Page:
The concept is absolutely brilliant; Robin Hood and his gang of merry men rebelling against high taxes by stealing money from the state, where computer-controlled opponents guard the treasures, and teamwork is crucial to success.
The idea is really great and in several ways really made for me, who thinks co-op is among the best way to experience games. But, of course it's important to get all the elements together for a really good game as well, and fortunately, Sumo Digital are skilled developers. So, in theory, this should be walk in the park.
In recent years, the Robin Hood saga has moved towards becoming increasingly "dark 'n gritty". The original was certainly a more hard-boiled story than the Disney movie, but I wouldn't call it particularly dark. However, this is the horse Sumo Digital has chose to bet their money on and consequently we get a Robin Hood that looks to be taken straight from early Assassin's Creed games, Maid Marian is suspiciously similar to the female protagonist in Assassin's Creed Valhalla with lots of hip tribal tattoos, Tooke has hairstyles worthy of famous soccer players and only Little John feels reasonable (although he looks more like a WWE wrestler than a medieval character).
Since Hood: Outlaws & Legends is exclusively an online game, you get to play through a mandatory training course before embarking on the online bit. Here you can quickly try out all four characters and test their respective advantages. But already here, unfortunately, I began to sense a little trouble. The controls are not at all very responsive and the artificial intelligence of the computer-controlled opponents feels almost randomised, while they walk around repeating the same sentences over and over again to themselves.
Even the combat system felt unimaginative with lack of flow, I nervously began to realise that I was going to be let down by a game I initially was looking forward. Basically, the heists are about several parts, from getting to a certain target, stealing it, getting to the escape point and loading it on board a vehicle to escape. But you're not alone. For reasons I cannot figure out, another human team of identical Robin Hood fighters is trying to steal the same treasure at the same time, so you'll have to fight both computer-controlled enemies and these players.
The game has a hub world around a bonfire, where you can take care of your character and choose to choose to go on a mission. But if you've played Payday 2, Sea of Thieves or Borderlands 2 before with randomly selected players, you know what a hell it can be when people don't communicate at all. And that's what it usually looks like these days. Most people don't communicate, probably a sad result of all the harassing online.
Consequently, the matches begin unsurprisingly with my fellow players instantly running separately. No one seems to be focused on picking up the treasure chest, someone draws the wrath of the guards by alerting them, another nut comes with me but refuses to crouch in the grass so I am discovered and killed, while yet another one thinks we're playing Team Slayer in Halo - after which the chaos erupts. It also doesn't help that it takes a long time to get the matches going, where people jump in and out, and that the default setting is that the PC and console versions are mixed, which leads to enormous advantages for PC-players.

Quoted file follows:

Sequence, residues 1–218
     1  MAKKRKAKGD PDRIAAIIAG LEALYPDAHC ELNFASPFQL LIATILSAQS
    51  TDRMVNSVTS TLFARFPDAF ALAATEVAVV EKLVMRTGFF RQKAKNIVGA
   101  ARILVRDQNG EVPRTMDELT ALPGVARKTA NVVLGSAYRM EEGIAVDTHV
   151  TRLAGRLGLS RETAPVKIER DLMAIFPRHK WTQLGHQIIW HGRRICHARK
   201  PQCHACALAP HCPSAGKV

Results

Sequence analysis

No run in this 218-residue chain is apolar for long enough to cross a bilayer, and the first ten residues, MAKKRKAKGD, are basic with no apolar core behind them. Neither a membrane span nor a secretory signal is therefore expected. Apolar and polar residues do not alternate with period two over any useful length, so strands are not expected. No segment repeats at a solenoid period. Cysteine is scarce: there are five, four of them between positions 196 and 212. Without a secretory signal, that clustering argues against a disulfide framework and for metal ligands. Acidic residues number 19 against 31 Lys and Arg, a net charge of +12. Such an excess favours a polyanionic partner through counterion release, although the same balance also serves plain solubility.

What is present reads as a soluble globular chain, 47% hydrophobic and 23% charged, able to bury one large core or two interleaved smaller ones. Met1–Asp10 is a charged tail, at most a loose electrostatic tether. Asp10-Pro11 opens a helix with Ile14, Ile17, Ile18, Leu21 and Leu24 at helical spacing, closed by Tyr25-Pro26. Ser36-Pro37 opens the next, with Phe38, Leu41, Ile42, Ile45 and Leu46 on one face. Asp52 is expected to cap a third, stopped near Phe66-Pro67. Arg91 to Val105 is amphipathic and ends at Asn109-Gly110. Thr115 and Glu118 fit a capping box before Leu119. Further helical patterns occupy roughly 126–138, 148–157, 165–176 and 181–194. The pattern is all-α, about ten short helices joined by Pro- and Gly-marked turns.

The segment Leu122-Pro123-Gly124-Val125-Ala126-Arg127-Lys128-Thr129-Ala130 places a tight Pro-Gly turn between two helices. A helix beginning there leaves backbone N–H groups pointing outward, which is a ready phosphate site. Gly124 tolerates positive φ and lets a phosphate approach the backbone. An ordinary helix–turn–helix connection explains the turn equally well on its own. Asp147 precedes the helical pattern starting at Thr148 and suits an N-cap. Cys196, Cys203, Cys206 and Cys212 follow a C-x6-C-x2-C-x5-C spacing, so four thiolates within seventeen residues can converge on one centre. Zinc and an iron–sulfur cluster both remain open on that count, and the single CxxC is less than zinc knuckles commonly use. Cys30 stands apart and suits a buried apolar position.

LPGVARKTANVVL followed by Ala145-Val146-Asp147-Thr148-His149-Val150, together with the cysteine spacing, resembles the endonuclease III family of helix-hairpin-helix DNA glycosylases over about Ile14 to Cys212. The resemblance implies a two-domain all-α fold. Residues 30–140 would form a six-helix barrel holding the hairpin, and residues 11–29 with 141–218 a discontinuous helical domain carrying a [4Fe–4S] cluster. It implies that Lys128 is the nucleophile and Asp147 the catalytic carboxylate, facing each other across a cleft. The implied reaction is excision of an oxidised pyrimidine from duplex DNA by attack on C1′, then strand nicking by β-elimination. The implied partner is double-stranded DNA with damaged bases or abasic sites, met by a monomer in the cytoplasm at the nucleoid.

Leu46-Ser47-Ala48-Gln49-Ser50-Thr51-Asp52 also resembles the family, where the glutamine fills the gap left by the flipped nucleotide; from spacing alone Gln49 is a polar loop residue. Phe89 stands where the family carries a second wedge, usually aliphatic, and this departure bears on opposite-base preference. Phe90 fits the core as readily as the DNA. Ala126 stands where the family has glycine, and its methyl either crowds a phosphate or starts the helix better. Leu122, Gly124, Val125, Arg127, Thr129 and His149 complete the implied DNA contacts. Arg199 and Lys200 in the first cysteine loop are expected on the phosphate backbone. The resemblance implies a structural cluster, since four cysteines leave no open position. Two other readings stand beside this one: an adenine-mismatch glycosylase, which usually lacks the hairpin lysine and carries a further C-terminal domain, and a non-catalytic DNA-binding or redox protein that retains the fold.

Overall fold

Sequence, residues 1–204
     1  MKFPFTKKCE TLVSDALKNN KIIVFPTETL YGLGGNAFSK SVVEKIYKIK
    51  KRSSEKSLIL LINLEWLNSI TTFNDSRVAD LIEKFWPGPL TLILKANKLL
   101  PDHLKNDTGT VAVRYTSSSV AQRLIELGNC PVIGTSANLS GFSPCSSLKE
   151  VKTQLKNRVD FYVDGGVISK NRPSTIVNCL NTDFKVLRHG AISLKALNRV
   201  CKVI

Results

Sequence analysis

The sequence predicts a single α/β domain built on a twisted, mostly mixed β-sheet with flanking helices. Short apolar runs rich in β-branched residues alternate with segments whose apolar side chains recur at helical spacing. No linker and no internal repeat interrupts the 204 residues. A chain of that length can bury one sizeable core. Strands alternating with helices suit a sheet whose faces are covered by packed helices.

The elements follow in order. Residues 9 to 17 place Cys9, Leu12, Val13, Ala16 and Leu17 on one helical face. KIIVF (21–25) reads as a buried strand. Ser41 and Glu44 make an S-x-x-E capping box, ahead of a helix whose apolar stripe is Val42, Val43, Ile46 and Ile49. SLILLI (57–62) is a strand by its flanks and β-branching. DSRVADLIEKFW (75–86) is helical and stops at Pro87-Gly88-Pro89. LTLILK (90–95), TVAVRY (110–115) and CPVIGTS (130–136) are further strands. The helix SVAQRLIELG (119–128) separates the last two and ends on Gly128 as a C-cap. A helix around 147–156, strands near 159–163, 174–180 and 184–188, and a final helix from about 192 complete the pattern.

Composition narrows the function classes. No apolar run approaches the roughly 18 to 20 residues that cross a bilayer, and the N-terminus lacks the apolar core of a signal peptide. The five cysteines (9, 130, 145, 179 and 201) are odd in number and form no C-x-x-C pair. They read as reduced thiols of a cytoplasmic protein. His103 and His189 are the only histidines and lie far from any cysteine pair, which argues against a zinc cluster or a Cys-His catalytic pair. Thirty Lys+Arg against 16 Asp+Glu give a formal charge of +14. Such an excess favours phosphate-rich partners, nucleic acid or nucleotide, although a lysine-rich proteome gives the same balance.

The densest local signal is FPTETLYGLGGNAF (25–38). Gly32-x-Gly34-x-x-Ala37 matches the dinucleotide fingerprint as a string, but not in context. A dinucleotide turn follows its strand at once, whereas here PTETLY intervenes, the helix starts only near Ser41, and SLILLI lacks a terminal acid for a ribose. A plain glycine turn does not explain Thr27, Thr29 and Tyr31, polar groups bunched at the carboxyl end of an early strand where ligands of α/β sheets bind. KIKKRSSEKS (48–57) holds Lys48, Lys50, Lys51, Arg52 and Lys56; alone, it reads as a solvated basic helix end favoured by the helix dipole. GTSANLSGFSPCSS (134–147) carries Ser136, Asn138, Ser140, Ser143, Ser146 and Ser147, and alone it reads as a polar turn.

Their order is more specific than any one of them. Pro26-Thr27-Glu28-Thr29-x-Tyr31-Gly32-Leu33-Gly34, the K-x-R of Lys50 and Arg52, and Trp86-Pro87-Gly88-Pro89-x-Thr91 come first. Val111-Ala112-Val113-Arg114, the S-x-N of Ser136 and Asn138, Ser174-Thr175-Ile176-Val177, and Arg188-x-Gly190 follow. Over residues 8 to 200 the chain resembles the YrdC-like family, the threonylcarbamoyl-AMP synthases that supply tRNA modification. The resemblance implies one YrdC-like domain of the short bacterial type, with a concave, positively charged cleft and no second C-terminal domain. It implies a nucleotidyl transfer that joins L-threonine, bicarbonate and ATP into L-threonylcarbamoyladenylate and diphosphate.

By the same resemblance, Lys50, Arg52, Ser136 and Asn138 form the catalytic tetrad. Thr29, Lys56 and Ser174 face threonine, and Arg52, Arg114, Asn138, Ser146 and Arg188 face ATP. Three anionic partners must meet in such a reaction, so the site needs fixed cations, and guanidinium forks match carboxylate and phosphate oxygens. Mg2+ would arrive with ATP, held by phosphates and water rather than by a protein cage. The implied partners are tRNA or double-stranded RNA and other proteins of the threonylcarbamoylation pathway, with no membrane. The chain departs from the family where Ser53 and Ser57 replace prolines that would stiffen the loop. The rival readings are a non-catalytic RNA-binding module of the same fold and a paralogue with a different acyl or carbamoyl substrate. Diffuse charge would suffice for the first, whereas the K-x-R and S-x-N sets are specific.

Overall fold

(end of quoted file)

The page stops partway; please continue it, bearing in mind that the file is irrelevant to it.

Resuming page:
There is also a matchmaking feature that I honestly do not even know what it does, as I could be matched already from level one against those who had made it to over level 60. In addition to the fact that these players already know the levels inside out, they have also had time to upgrade their characters with several advantages. It is a consequence of the fact that those who bought the more expensive edition of the game got to start three days earlier, thereby gaining a head start that has led to a much more boring first few hours for the rest of us who are slaughtered by clearly more powerful opponents.
In short, you really need to find people you can talk to in order to play for real. If you get a reasonable opposition, there can sometimes be good matches when you sneak around each other. For the first time, I understand why NPC guards cannot see you in stealth games when you walk around in tall grass or sit behind walls. Here I feel like there are enemies everywhere and I really don't see them. If I find someone, these can be tagged so that my fellow players can see where the rascal is, and when a treasure is conquered and transported back to the getaway boat, it can sometimes be exciting to protect the person in charge of the chest even though the melee combat lacks finesse.
Unfortunately, however, I have had fewer than five such games. In the vast majority of cases, it feels frustrating. The game has questionable checkpoints, annoying computer-controlled opponents, random events that can undo even the best of plans and every time I play I mostly just want to shut it down, rather than play another game. The idea is that the levels and everything that can happen should give the feeling that no match is the same, but unfortunately it almost immediately feels like I've seen it all after just a paltry hour of playing, and in the end this is barely even mediocre.
It's not enough that Hood: Outlaws & Legends actually has several interesting stages I'd love to see more of in a better game (or in a multiplayer game in this vein where I don't have to compete against others) and actually runs really nicely at 60 frames per second. Unfortunately, this is a waste of potential that could have been so much better.